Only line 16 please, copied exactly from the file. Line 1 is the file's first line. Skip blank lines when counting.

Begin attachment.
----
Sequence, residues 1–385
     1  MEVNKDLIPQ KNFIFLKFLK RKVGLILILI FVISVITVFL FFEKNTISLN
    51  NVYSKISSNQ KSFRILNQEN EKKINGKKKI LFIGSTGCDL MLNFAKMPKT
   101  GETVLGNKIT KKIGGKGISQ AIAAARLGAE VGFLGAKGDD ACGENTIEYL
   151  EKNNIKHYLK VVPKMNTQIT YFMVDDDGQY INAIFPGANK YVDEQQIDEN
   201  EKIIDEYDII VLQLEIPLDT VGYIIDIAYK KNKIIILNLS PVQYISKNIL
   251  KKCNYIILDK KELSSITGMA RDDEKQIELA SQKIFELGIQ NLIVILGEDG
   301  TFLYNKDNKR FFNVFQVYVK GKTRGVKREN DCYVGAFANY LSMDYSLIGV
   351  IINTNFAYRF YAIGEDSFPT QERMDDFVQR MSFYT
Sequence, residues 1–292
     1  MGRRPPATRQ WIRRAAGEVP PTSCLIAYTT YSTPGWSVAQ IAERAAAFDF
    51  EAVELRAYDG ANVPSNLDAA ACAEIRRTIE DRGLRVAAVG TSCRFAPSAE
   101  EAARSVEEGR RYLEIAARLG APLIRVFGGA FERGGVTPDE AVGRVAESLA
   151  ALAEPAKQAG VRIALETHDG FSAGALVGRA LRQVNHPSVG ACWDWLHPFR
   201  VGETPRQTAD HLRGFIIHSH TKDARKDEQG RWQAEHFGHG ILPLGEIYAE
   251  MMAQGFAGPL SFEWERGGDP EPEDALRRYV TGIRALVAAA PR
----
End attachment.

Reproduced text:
   251  MMAQGFAGPL SFEWERGGDP EPEDALRRYV TGIRALVAAA PR